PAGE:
I found the wipers needed extra effort, especially the driver's side. The tiny pips on the wiper arms wouldn't engage with the holes in any meaningful way. I inserted drive shafts in stretched sprue. 

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That worked for the nearside and a line of acrylic gloss varnish along the blade finished the job. Driver's side has a lot more curvature on the screen to contend with, and in the end I pulled the sprue out and went another way. 

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Here the arm is drilled and the sprue fixed through, leaving a decent handle protruding for my convenience. Then it's fitted and twisted about until the blade wants to rest against the screen. The blade itself needed some extra curvature  added to the plastic to follow the screen shape. 

I've had a fail with the rear view mirror on the central bar, and fogging inside the screen for my efforts. The fogging has mostly been polished away and ready for another try. Apart from number plate decals, that'll be it done I think 😎

Nothing left in that box. 

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  • 2 weeks later...

I'm in the "wheels" zone and it's proving quite challenging.... Some coherent progress with the Triumph wheels arrangements that I'll tell you about later, but this is my current nemesis...

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Back view...

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Holy Moly, what a job. 

This is the 1st one I've managed to get off the jig as a coherent whole. I lost my place and count doing the back face but when all's said and done it is the back. Having got this far noticed that the rim has a castilated look due to the slots--  can you see what I mean on the back view?...

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So then I wondered if a circular ring of the wire would go on the outside edge to get rid of this look,

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Pfff.... easier said than done. But I got this far. In position as the spare wheel...

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I'm thinking that structure on the back to include the number plate etc will help to cover the irregularities when positioned to suit. This sort of thing, as on my Airfix K3.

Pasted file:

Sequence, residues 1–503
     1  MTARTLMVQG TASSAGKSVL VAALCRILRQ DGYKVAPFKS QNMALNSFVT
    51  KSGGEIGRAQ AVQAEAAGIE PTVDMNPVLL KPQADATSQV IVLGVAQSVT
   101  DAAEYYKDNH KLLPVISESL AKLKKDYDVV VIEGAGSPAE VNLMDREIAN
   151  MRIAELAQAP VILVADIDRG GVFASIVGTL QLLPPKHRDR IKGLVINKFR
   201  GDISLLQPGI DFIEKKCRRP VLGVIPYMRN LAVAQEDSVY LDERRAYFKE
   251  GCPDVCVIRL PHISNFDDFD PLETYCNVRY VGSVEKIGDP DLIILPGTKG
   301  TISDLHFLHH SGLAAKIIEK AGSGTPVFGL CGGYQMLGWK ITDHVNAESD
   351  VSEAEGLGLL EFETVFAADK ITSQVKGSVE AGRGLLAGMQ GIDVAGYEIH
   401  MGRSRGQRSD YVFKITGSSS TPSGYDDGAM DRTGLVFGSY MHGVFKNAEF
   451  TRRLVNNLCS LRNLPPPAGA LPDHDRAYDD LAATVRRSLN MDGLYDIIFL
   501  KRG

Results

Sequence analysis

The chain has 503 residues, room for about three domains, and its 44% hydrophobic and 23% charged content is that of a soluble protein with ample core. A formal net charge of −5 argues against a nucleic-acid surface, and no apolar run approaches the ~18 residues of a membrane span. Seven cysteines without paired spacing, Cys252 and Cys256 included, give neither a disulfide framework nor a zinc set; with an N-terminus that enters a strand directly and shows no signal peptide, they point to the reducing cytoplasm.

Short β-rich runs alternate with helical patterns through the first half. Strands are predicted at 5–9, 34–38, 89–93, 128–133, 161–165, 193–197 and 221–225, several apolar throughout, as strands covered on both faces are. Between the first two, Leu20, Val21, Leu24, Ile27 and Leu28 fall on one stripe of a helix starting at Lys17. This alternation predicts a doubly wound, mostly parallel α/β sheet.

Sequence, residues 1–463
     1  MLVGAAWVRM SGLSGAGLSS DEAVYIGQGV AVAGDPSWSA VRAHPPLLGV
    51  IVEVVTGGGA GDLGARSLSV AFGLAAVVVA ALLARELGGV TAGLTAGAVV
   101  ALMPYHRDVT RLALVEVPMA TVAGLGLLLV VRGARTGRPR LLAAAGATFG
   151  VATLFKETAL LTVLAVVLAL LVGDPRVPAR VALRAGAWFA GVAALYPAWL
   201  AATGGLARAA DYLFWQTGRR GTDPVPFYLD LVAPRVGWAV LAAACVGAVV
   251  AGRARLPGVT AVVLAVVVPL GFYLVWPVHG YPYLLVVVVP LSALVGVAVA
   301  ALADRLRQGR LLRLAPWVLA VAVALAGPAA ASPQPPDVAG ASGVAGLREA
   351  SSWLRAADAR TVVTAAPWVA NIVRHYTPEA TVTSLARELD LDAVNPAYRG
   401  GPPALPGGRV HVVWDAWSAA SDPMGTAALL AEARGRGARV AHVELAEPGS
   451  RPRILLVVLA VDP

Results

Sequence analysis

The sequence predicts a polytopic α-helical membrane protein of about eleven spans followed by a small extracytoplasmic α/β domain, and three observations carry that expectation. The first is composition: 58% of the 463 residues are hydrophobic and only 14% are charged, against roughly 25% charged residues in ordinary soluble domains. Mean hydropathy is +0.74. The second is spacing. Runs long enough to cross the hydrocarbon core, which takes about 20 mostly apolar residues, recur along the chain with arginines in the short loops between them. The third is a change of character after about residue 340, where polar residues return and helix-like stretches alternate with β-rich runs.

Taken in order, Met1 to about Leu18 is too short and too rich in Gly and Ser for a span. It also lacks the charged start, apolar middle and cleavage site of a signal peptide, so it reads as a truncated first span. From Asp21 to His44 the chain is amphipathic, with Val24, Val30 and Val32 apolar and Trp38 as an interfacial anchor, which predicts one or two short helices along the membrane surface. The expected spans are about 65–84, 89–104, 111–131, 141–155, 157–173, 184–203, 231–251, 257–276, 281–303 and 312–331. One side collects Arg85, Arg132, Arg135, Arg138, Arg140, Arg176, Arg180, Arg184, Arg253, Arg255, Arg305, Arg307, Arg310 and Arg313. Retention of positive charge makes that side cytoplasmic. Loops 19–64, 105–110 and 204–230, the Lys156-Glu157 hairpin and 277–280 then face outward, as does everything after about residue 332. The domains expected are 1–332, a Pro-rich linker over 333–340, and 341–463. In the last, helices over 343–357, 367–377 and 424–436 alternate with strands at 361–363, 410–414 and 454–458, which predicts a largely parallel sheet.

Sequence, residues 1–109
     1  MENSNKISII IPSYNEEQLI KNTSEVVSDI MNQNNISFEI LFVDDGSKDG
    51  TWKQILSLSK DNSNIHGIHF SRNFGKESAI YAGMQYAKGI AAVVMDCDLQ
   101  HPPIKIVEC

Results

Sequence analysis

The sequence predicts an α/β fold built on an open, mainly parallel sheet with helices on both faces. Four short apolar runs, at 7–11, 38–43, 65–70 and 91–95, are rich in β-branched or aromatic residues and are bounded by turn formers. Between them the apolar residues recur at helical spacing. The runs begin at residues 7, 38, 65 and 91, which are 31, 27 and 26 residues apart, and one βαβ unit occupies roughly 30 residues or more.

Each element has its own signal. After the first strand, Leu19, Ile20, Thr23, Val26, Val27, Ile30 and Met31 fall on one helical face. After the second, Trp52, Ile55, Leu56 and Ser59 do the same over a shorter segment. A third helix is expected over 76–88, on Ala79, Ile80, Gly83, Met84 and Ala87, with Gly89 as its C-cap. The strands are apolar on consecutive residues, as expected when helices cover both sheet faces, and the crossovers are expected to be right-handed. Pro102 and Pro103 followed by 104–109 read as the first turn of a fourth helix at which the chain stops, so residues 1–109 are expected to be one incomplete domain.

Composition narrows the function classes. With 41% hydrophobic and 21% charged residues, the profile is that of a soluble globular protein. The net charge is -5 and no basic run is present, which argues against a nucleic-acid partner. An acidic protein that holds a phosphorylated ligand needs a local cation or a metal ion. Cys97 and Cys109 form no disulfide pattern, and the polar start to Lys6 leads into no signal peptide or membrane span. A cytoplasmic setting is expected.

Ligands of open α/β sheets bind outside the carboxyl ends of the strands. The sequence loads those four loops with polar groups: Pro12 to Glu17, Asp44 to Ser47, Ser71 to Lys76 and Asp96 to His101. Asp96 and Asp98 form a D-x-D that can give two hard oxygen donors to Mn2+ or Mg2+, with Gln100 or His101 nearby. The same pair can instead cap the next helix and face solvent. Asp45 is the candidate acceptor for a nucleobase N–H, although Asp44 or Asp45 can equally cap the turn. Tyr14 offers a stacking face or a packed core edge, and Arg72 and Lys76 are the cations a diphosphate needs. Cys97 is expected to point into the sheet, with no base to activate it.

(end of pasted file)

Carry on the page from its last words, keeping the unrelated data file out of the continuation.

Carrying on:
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And then try my hand at the next wheel, see if I can do a better job and not stick my fingers together so much. This phone's biometric fingerprint function is struggling to recognise me 

 

This could take a while....

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Just a thought - could you use some epoxy or UV resin to fill in the gaps to remove the castellated look, then file smooth and paint the outer rim when finished? Or is it too small to be trying that?

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Nice work on the wheels, it's not easy!

I just noticed the slope at the front of the MGB bonnet. I hope it's just the angle, but it looks far too steep. The bonnet front is almost flat!

 

I'll have to make a note to check that when I build mine.

 

Ian

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2 hours ago, Brandy said:

the slope at the front of the MGB bonnet.

Now you've got me looking....

I think it's reflection effects, haven't really noticed anything that gave me concern. Nothing that you'd call flat. 

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But have a look at your plastic and tell us what you think 🤔  But for the moment I'll put it down to the shiny glossy finish I've obtained this time!😎😅

 

20 hours ago, Spiny said:

could you use some epoxy or UV resin to fill in the gaps

Well, I could try something along these lines but it looks like another pile of opportunity for messy shambles. I see that Matthew Bacon's Delage has painted spoked wheels which gives a marked improvement on the appearance. I may yet resort to the painted option... the kit has it that they should be painted the bodywork colour 

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If I'm honest I think the wheels look fine as they are, I was only suggesting another option if the castellated bit was still bugging you. If it isn't, stick with what you've done is my advice.

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I think you're wire ring method to hide the back of the wheel works quite well.  Have you tried gently stretching the wire first to remove any kinks?  Then ideally you could wrap the wire around a circular object of exactly the same diameter,  if you can't find one a slightly larger one should still work.  Once wrapped round the tube give the wire another gently tug and you hopefully will end up with a neater circle - Andy